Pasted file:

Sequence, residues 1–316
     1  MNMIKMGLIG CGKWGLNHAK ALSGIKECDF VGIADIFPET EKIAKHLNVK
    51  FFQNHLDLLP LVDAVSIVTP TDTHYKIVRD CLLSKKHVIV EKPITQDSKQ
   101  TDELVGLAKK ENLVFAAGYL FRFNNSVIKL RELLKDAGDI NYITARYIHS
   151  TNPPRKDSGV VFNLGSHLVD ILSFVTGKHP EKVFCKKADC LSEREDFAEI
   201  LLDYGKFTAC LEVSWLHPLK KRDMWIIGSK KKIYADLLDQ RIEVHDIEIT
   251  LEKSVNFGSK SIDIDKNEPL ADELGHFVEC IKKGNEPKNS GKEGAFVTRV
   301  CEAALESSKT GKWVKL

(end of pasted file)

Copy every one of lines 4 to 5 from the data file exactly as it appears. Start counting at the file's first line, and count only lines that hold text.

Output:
   101  TDELVGLAKK ENLVFAAGYL FRFNNSVIKL RELLKDAGDI NYITARYIHS
   151  TNPPRKDSGV VFNLGSHLVD ILSFVTGKHP EKVFCKKADC LSEREDFAEI